Saving wild animals at Zoohackathon

Endangered birds may get some needed protection, thanks to “chatbot” — a software program that “converses” with wildlife enthusiasts to help gather important information needed to track and protect threatened birds.

The idea for chatbot came during the second annual Zoohackathon, co-sponsored by the U.S. Department of State, which brings together computer coders, designers and conservationists from around the world to develop apps and other high-tech tools to combat wildlife trafficking.

Zoohackathons bring high-tech prowess to a worldwide problem. Wildlife trafficking — the poaching, illegal transit, trade and sale of wildlife — is the world’s fourth-largest transnational crime, valued at as much as $23 billion annually.

Two men working at computers (State Dept.)
Teams work to develop apps at the second Zoohackathon at the San Diego Zoo. (State Dept.)

A team called the Local Rangers, with the chatbot idea, edged out other competitors September 22–24 at the San Diego Zoo. Basically, residents would send a text message with sightings of endangered birds, and the chatbot would ask simple questions about behavior and nesting, which would be added to other reports to help complete a big picture of population health.

In addition to the chatbot, the Local Rangers created an incentive structure that rewards people for contributing information to the app and dissuades them from poaching birds. The team envisions researchers and institutions paying citizen scientists for information about bird sightings.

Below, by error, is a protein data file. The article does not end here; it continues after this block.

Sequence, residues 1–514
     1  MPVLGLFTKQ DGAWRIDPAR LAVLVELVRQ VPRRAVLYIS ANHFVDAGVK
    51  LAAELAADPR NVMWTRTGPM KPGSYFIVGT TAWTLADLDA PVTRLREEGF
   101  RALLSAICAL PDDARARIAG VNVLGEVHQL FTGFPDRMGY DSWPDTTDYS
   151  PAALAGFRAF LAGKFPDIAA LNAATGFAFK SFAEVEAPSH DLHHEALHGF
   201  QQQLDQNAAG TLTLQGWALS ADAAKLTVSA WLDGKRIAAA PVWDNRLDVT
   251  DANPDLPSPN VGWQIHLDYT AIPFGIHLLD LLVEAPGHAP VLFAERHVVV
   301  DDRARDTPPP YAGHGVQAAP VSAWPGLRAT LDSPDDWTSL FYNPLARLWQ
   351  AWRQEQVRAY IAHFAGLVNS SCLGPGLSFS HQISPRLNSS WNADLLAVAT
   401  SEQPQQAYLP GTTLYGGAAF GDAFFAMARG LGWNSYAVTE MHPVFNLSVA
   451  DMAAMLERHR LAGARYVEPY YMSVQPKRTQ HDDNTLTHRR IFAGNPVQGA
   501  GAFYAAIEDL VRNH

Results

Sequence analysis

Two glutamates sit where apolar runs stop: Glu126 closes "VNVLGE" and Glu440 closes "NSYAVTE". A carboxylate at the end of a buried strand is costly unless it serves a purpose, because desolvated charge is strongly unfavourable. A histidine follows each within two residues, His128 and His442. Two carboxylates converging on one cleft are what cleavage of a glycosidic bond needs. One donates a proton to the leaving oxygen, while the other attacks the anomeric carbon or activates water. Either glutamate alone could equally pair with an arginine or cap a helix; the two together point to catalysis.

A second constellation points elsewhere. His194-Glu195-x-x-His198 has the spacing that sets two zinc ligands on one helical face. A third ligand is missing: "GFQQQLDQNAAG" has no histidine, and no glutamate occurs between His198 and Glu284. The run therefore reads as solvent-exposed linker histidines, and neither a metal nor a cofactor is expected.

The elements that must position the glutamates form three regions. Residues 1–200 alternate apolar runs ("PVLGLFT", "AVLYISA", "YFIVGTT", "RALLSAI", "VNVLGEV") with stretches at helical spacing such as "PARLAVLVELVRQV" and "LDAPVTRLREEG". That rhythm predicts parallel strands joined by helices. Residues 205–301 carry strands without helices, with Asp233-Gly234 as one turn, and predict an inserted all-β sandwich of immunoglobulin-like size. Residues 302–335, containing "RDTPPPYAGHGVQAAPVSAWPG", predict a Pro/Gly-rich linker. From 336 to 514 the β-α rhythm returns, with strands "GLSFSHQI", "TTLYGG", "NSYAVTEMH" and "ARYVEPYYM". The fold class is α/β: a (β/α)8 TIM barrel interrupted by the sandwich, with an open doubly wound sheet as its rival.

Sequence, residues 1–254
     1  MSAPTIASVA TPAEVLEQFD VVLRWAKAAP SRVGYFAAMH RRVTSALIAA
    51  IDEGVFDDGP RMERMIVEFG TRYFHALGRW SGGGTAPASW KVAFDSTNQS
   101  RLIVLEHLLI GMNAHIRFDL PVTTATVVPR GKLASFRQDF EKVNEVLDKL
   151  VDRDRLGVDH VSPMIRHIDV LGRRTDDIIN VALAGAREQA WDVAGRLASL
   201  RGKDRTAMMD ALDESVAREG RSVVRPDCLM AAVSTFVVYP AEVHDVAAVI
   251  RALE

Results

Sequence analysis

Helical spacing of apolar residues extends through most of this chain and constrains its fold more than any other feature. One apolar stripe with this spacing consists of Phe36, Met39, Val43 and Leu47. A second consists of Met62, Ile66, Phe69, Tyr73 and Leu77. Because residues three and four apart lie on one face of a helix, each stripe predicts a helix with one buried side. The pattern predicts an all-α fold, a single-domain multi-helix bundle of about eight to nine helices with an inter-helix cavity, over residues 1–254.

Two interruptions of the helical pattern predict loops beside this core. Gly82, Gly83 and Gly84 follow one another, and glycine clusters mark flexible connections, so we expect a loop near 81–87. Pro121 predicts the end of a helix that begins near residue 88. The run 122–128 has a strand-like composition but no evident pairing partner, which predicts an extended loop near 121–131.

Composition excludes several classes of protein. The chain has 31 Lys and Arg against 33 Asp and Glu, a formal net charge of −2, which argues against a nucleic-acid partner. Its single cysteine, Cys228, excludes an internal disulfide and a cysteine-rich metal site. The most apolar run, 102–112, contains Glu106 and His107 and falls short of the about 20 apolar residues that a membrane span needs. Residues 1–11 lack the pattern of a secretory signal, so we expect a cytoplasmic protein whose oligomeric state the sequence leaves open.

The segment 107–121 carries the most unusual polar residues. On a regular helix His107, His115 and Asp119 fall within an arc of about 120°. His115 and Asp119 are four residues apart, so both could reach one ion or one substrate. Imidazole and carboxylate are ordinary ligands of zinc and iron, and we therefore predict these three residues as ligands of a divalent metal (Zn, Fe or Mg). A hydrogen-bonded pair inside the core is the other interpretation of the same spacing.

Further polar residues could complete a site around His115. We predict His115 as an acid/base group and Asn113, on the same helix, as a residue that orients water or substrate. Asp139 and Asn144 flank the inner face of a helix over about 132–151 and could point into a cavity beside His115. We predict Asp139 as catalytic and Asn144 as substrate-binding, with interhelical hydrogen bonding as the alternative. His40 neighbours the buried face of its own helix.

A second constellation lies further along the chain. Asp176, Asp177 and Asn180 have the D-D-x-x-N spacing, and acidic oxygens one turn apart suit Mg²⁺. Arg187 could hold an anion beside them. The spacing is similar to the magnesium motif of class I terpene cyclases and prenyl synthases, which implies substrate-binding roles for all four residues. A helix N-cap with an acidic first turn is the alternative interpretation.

The Local Rangers will face off against the winning teams selected from Zoohackathon events in New Delhi and London October 6–8. A final winner will be named in November.

During breaks in the Zoohackathon, teams learned about animal behavior from zookeepers and conservation scientists. The Association of Zoos and Aquariums, which co-sponsors the Zoohackathon, spends millions of dollars on saving endangered species.

Papers on desk depicting smartphones (State Dept.)
Teams sometimes use old-fashioned paper to come up with high-tech solutions at a Zoohackathon. (State Dept.)
Graphic showing trafficked animals and the products they are killed for (State Dept./Julia Maruszewski; Images © AP Images, Shutterstock)
(State Dept./Julia Maruszewski; Images © AP Images, Shutterstock)